Finding the Essence in Florida's Landscape

530 Burns Gallery
Sep 23, 2018 6:04PM

A painting by Gary Borse reaches out and immediately steals your gaze.

Gary Borse
Sunset Overture, 2018
530 Burns Gallery

Gary Borse is an artist who, the more you delve into his life and work, the more you think, “yes, he is doing something very special.” Borse was born in 1950 and has an Associate’s Degree in Commercial Art and Design from the Chicago Academy of Fine Arts. The Art Institute of Chicago played a vital role in his study, and he is influenced particularly by Contemporary American and European Modern Art. He is also an accomplished musician, having performed rock, jazz and blues as a bassist and vocalist throughout his life. He now resides in Fairfield, Florida. Also known as the “Color Research Cowboy,” he spends his time riding horses, raising cattle, and working at the easel. But he does not stop there. Borse stretches his canvas and makes the frames for his paintings. Start to finish, Borse methodically and meticulously paints the essence of Florida’s landscape.  


Gary Borse
Cypress Tango, 2018
530 Burns Gallery
Gary Borse
Carnival , 2018
530 Burns Gallery

We often hear this term, “essence,” thrown around in art. Essence is not the exact existence of an object or landscape. Rather, it is indicated by the choices Borse makes in color, perspective, subject matter, etc. that pull at our emotional heartstrings and make the viewer realize the significance of the painting.

Notably, you will not see animals or other wildlife in his work. As Maya Ellenson from Art Kaleidoscope described so perfectly in an article from 2013, “by using close values of reds, greens, and blues, Borse allows the viewer to discover a landscape inside the landscape by removing a physical shroud and stepping into its spiritual realm.” In saturating the colors, Borse emphasizes the fantastical qualities and beauty of the precious, natural world.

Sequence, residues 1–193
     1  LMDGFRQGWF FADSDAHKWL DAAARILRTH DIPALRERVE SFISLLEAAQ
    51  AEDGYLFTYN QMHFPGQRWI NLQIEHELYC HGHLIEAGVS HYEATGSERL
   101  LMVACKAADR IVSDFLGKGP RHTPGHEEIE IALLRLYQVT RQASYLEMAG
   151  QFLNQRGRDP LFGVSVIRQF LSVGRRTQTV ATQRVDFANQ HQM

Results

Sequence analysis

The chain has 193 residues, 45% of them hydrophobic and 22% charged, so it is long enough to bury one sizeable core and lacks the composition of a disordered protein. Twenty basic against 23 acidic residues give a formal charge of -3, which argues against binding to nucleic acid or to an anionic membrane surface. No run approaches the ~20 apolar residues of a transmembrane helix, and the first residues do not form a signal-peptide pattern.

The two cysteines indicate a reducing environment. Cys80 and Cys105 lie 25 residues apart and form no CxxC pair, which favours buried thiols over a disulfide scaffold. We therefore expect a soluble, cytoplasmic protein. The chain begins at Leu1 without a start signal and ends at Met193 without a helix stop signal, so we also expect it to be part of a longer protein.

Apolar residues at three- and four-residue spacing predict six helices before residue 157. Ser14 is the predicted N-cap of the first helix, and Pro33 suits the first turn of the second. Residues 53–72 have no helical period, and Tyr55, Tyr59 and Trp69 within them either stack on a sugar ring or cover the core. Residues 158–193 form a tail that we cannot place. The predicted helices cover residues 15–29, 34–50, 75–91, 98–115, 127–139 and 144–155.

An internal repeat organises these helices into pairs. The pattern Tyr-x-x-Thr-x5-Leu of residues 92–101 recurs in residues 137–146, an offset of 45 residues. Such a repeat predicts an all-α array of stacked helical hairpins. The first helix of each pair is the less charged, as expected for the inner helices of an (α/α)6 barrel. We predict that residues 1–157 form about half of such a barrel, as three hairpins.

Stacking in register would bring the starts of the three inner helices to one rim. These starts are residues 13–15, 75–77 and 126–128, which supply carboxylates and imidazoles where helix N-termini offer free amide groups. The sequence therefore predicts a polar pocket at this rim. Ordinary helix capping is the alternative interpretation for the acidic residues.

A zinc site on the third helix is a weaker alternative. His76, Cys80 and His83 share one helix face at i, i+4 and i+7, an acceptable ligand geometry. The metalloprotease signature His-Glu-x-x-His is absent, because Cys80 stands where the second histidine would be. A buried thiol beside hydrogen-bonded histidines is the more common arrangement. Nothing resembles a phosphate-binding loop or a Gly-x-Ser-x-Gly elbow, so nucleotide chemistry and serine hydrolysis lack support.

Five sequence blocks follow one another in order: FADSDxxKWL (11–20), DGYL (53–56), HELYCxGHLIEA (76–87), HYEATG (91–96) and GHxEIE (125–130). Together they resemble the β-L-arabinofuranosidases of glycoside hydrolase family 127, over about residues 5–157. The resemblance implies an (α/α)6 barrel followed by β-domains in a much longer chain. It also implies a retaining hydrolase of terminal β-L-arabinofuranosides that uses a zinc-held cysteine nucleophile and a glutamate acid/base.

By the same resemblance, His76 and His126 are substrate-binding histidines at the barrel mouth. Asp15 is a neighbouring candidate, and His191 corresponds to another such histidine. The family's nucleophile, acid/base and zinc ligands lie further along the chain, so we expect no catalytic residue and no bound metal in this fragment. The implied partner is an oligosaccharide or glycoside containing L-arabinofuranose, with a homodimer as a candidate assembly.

Gary Borse
The Golden Hour, 2016
530 Burns Gallery

In a conversation with Borse at 530 Burns Gallery during his solo Exhibition in 2017, Borse walked up to his painting, Lighten Up, and exclaimed something to the effect of “I like to paint big.” He continued and I summarize,  “when you get up close to a large canvas you see nothing but the landscape in your periphery.”  While painting, he discovers himself in that particular moment and space. Completed, the painting transports the viewer, a complete escape found within his variation of the landscape.

Gary Borse
Lighten Up, 2017
530 Burns Gallery

Previously an accomplished jazz musician, Borse paints with vibrant color because it creates a vibration, like in his music, that can be best described as a window to old Florida’s soul. Borse says, “Painting what you see and what you feel at the same time is like walking the fence. If you fall one way you will have what everyone sees, if you fall the other, you will have what everyone feels. Therefore, you must stay on the edge of the fence.” As the viewers, we jump up on the fence, walk it like a tightrope, and balance by the unification of what we see and what we feel.

CLICK HERE to view Gary Borse's Artist Page

530 Burns Gallery